6        Ryan filed a motion to suppress all evidence based upon a violation of his Fourth Amendment rights.  The circuit court denied Ryan’s motion.  The circuit court found that the encounter with Kucharski was a voluntary “knock and talk” interview and that Ryan exited his house without any threats from the officers to compel him.  See City of Sheboygan v. Cesar, 2010 WI App 170, ¶¶9 n.5, 13, 330 Wis. 2d 760, 796 N.W.2d 429 (a consensual “knock and talk” interview at a private residence is not considered a seizure).  The circuit court further found that a reasonable person would have understood that he was not obligated to exit his residence and that Ryan voluntarily made his statements to the police before he was placed in custody.  Ryan appeals.


7        The issue on appeal is whether Ryan was unlawfully seized within his home or on his private property and, if so, whether Kucharski possessed the reasonable suspicion and probable cause to justify the seizure.  Whether a person has been seized is a question of constitutional fact.  State v. Young, 2006 WI 98, ¶17, 294 Wis. 2d 1, 717 N.W.2d 729.  Thus, we accept the circuit court’s findings of evidentiary or historical fact unless clearly erroneous; however, we determine de novo whether or when a seizure occurred.  Id.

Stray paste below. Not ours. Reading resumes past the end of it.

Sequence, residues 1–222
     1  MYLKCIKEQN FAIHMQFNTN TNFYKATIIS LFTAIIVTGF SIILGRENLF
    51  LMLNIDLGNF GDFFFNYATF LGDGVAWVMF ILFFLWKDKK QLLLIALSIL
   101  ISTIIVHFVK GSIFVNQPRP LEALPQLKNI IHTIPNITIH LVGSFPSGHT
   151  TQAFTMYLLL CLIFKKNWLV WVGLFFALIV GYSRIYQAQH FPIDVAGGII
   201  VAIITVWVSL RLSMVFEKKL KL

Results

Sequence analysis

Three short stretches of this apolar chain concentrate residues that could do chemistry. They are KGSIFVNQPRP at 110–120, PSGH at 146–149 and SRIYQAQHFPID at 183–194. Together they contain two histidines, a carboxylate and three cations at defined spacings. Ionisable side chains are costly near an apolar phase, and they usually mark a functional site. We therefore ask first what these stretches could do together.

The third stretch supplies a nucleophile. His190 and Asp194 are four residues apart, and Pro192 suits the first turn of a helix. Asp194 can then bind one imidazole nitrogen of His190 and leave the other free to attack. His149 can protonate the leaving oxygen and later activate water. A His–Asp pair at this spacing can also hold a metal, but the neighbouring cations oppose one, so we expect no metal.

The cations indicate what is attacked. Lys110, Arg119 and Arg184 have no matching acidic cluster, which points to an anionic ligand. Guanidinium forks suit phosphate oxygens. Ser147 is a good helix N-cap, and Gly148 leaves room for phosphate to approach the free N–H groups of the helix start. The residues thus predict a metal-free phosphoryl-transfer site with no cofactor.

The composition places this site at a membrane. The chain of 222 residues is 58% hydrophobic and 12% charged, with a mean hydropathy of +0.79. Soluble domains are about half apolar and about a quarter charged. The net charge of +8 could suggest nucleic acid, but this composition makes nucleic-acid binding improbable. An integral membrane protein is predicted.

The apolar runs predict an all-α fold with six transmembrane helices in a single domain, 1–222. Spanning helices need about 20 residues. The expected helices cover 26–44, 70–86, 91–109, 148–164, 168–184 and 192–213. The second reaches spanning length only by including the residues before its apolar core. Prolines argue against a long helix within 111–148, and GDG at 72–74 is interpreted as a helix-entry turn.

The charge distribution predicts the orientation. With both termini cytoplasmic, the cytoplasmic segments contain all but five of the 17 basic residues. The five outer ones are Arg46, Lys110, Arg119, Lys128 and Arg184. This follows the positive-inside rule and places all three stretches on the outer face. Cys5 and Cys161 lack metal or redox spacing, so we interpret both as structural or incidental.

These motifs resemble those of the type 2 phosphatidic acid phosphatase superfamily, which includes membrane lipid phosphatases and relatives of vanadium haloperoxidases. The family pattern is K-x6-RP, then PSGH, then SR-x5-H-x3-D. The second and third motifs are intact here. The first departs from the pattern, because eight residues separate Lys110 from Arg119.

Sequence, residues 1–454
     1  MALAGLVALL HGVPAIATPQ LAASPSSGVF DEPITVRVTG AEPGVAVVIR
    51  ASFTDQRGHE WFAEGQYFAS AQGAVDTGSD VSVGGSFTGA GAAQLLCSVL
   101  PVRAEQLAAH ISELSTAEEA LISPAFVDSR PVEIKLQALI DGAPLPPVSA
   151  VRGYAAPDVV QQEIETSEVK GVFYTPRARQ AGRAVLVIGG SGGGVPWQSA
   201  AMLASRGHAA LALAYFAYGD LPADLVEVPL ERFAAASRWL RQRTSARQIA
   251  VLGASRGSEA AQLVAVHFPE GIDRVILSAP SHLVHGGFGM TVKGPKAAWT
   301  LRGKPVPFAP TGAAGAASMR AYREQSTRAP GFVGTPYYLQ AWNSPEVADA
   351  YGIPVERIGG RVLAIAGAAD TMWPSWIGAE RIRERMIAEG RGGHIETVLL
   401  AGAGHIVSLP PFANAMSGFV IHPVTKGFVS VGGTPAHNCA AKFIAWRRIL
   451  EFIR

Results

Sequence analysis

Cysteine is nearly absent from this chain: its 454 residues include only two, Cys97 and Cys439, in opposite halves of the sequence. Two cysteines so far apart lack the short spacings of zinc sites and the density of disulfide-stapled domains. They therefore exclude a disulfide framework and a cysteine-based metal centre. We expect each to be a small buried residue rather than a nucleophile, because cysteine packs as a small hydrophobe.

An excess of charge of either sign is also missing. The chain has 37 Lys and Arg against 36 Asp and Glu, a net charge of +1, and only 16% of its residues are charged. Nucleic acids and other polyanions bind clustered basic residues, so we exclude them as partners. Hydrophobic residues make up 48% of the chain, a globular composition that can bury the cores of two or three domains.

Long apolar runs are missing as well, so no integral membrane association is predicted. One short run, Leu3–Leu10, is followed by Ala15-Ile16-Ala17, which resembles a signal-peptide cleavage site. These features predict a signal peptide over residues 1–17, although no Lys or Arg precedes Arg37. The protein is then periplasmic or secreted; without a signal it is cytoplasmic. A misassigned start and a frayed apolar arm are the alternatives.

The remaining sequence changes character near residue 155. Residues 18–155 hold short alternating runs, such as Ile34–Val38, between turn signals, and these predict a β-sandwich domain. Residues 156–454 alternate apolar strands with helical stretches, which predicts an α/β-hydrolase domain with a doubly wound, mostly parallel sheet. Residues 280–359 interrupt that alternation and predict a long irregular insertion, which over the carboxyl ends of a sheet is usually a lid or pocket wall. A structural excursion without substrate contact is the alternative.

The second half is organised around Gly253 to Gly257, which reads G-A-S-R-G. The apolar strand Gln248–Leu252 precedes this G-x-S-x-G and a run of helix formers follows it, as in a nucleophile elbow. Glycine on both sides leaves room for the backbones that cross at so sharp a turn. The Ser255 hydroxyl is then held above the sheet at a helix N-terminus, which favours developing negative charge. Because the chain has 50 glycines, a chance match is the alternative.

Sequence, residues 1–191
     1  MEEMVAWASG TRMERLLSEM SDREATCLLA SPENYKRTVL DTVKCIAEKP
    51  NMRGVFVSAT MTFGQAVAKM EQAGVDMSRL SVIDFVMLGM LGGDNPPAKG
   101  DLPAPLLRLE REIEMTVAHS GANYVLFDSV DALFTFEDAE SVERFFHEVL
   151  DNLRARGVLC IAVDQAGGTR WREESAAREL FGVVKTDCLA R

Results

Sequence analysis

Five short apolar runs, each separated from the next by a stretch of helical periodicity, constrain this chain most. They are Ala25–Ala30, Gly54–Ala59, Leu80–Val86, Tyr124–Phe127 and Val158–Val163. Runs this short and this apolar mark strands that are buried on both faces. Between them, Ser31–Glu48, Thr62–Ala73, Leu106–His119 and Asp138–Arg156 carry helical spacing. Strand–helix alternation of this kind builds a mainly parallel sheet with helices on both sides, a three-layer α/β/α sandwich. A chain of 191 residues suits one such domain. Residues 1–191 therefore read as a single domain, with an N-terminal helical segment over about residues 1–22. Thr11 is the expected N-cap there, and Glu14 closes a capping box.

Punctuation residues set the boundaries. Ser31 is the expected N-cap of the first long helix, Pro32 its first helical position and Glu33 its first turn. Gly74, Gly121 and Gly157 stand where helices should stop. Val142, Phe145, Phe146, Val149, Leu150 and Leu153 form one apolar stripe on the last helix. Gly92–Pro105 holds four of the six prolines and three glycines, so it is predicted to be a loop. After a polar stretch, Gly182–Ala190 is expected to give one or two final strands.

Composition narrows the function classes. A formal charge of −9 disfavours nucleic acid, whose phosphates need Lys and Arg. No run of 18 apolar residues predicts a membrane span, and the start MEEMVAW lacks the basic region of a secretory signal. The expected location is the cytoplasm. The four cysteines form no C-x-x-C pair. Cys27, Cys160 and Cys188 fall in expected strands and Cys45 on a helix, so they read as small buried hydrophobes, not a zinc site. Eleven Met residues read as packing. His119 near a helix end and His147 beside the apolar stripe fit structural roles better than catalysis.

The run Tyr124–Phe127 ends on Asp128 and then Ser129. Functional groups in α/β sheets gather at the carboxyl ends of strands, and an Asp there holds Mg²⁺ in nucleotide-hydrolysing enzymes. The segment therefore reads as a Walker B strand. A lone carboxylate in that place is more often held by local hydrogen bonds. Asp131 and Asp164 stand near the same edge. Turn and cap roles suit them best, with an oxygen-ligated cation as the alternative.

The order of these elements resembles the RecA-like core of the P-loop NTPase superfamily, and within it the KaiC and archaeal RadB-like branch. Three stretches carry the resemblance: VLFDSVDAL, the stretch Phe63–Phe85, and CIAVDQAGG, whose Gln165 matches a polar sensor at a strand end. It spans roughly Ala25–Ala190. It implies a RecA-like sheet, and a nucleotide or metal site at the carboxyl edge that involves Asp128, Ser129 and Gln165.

8        Both the Fourth Amendment of the United States Constitution and article I, § 11, of the Wisconsin Constitution guarantee to all citizens the right to be free from unreasonable searches and seizures.  However, not all police-citizen contacts constitute a seizure and, therefore, any analysis as to whether Fourth Amendment protections have been breached must begin with whether a search and seizure occurred.  Cesar, 330 Wis. 2d 760, ¶¶11-12.  That inquiry involves determining whether an officer, by means of physical force or show of authority, has in some way restrained a citizen’s liberty such that a reasonable person would not feel free to leave or terminate the encounter.  State v. Williams, 2002 WI 94, ¶¶20, 22, 255 Wis. 2d 1, 646 N.W.2d 834; see also United States v. Mendenhall, 446 U.S. 544, 554 (1980) (“only if, in view of all the circumstances surrounding the incident, a reasonable person would have believed that he [or she] was not free to leave”).  “Questioning by law enforcement officers does not alone effectuate a seizure.”  Williams, 255 Wis. 2d 1, ¶22.